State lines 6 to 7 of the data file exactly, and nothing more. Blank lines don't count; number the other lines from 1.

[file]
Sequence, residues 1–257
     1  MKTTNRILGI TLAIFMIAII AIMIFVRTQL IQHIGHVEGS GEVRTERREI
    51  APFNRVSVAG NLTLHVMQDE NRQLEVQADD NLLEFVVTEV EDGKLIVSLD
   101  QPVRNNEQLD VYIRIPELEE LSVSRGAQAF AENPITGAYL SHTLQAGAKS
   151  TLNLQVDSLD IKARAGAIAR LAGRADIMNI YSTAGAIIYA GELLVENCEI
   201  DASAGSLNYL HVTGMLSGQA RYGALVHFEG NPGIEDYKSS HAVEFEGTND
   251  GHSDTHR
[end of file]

   201  DASAGSLNYL HVTGMLSGQA RYGALVHFEG NPGIEDYKSS HAVEFEGTND
   251  GHSDTHR